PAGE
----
In FIG. 2, a tray 20 for use in the system of the present invention is shown to include a plurality of interconnected channels 22, of which the channels 22a-c are representative. Further, FIG. 2 shows that the channels 22 are separated by substantially elongated parallel ridges 24, of which the ridges 24a-d are representative. Accordingly, a series of parallel channels 22 are formed into the tray 20 which combine to form a fluid passageway that begins at an inlet 26 and continues across the tray 20 to an outlet 28. Stated differently, the channel 22a continues into channel 22b, which continues into channel 22c, and so on between the inlet 26 and the outlet 28.

As best appreciated with reference to FIG. 3, the ridges 24 which separate the channels 22 are established as alternating magnetic poles. For example, as shown in FIG. 3, the ridge 24a is established as a north (N) pole, the ridge 24b is established as a south (S) pole, and the ridge 24c is established as a north (N) pole. The ridges 24 thus continue to alternate between N and S poles across the tray, as shown. A result of this polarity is that magnet fields are generated which cross over respective channels 22. More specifically, as represented by the magnetic field lines 30, magnetic field line 30a crosses over channel 22a between ridges 24a and 24b, a magnetic field line 30b crosses over channel 22b between ridges 24b and 24c and so on as before. In the contemplation of the present invention, the magnetic field lines 30 can be generated by permanent magnets in the ridges 24 or by any other type magnet well known in the pertinent art.

By returning to FIG. 1 it will be seen that a pump 32, or a device similar to a pump 32 well known in the art, is connected in fluid communication with the tray 20. Specifically, a fluid communication line 34 interconnects the pump 32 with the inlet 26 of tray 20, and a fluid communication line 36 interconnects the pump 32 with the outlet 28 of tray 20. Preferably, a low vapor pressure oil, such as Octoil, is used as a flowable material 38 (e.g. a fluid) which can be circulated by the pump 32 through the channels 22 and between the ridges 24 from inlet 26 to outlet 28.

In the operation of the system and methods of the present invention for the removal of contaminants 16 from a process vacuum vessel 10 (FIGS. 1-3), the partial vacuum that has been created inside the chamber 14 of the vessel 10 for its normal operation need not be compromised. The plasma which was being generated in the chamber 14, however, should be removed and the tray 20 inserted into the chamber 14 in a manner that is well known in the art, before the cleaning operation begins. The fluid 38 is then circulated through the channels 22 by the action of the pump 32. Also, instead of the plasma which is normally contained in the chamber 14 during an etching or deposition operation, a cleaning plasma 40 that is made with a gas such as Argon (Ar), Oxygen (O2), or Hydrogen (H2) is generated in the chamber 14. As indicated above, contaminants 16 in the chamber 14 will generally be negatively charged particles which will deposit on the inner wall 18 of the chamber 14 and be neutralized. Unlike the cleaning plasma 40, however, which comprises charged particles that are affected by the magnetic field lines 30, the neutrals 42 will not be affected by the magnetic field lines 30.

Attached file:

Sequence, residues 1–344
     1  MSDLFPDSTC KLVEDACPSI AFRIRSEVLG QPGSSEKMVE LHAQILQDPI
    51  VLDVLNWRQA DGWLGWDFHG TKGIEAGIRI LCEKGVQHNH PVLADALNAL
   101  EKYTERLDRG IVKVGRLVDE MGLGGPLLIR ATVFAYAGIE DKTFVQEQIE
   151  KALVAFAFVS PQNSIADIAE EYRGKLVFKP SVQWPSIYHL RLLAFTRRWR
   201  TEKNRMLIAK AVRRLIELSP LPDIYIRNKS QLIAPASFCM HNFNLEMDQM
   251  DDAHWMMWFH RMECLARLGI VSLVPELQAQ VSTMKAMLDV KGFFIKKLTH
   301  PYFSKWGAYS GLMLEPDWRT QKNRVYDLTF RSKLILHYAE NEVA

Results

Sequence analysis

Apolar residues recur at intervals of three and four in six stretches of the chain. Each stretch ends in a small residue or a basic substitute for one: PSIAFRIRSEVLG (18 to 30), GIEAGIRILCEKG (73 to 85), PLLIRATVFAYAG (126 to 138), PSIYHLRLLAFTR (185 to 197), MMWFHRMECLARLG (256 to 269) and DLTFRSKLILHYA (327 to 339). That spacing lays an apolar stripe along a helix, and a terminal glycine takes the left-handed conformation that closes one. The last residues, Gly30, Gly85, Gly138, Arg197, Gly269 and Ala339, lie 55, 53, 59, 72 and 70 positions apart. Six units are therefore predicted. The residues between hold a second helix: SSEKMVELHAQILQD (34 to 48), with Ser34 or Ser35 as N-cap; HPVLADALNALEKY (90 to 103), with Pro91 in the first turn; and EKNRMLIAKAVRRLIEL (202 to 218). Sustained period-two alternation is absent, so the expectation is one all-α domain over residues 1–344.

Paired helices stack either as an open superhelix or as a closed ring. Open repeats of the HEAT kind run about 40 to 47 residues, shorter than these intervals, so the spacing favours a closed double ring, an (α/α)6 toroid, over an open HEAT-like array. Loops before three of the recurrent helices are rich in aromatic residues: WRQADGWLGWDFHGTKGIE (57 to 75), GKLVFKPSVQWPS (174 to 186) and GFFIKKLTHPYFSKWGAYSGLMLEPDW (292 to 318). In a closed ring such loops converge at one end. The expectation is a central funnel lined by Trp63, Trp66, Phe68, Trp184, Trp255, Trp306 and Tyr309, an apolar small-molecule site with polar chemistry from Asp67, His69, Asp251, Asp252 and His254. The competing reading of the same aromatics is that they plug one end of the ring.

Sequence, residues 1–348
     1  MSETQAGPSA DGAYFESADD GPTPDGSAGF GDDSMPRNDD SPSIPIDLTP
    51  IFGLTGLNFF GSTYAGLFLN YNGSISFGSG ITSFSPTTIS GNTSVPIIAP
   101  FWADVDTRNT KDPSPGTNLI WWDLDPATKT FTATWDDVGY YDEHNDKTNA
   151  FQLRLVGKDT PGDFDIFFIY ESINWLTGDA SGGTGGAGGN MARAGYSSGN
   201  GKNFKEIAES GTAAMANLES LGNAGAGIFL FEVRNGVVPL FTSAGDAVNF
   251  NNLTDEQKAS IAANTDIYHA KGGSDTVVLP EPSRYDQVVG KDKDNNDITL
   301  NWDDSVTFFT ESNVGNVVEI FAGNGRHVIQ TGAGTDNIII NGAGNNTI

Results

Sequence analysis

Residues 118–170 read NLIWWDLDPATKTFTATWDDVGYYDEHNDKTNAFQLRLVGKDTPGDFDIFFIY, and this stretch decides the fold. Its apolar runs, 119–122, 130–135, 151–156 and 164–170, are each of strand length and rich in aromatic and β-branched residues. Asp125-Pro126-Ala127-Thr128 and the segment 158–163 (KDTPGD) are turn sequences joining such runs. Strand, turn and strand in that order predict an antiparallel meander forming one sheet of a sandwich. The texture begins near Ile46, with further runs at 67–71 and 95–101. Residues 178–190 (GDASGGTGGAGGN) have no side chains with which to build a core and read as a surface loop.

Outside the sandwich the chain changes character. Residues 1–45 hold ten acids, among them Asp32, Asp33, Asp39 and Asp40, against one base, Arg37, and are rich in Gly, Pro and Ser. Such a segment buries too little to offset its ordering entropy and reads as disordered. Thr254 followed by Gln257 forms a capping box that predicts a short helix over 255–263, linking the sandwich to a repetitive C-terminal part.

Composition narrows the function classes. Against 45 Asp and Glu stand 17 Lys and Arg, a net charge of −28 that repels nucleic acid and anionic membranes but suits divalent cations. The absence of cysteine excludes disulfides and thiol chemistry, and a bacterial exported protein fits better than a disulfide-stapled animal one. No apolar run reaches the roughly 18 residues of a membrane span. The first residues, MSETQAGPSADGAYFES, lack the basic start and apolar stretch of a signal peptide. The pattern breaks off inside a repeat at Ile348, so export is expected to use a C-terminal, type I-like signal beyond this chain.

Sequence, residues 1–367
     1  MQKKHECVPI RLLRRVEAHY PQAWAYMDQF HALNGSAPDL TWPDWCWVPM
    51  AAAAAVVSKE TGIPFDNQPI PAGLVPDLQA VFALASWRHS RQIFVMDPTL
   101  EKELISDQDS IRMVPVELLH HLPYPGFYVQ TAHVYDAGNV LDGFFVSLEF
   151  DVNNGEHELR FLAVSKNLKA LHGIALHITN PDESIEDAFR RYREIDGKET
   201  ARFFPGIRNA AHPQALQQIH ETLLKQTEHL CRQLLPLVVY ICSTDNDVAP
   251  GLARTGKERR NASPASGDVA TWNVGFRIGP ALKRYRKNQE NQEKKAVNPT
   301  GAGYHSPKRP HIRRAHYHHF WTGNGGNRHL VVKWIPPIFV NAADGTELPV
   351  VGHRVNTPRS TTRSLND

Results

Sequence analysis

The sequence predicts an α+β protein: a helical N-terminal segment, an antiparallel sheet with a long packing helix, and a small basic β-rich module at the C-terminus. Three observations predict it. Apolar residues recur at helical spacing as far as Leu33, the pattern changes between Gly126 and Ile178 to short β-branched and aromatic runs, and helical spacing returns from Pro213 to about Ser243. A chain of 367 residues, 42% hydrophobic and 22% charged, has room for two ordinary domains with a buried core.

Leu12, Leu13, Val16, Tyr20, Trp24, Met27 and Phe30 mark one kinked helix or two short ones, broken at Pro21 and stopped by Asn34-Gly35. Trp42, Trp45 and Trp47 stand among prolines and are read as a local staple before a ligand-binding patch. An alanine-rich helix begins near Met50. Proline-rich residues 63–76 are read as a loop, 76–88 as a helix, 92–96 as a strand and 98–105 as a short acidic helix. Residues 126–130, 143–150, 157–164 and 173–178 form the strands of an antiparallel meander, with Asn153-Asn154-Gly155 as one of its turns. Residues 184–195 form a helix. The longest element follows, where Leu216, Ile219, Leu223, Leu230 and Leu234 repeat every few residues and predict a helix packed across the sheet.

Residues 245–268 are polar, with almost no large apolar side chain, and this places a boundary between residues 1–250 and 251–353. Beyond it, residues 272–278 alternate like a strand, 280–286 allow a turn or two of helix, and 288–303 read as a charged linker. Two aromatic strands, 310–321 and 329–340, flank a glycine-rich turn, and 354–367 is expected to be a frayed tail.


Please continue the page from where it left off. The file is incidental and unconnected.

More specifically, any movement of the cleaning plasma 40 toward the fluid 38 in tray 20 will be inhibited by the magnetic field lines 30. Not so with the neutrals 42 which will be generally unaffected by the magnetic field lines 30. Accordingly, the neutrals (which are, in effect, the contaminants 16) can become trapped and suspended in the fluid 38 and removed from the chamber 14 as the fluid 38 is circulated through the channels 22.

Referring now to FIG. 4, an alternate preferred embodiment for a process vacuum vessel which can be used with the system and methods of the present invention is shown and designated 50. Specifically, for this embodiment of the present invention, the vacuum vessel 50 is cylindrical in its configuration and it is preferably mounted inside a cylindrical casing 52. As intended for this embodiment of the vessel 50, the cylindrical vessel 50 generally defines a longitudinal axis 54 and the vessel 50 is mounted inside the casing 52 for rotation, as indicated by the arrow 56, about the axis 54. The actual mechanism for rotating the cylindrical vessel 50 inside the casing 52 is a matter of design choice and can be accomplished in any of several different ways. For example, the rotation of vessel 50 in casing 52 can be accomplished by interactive rollers (not shown) which are positioned between the vessel 50 and the casing 52 and driven by a motor (also not shown).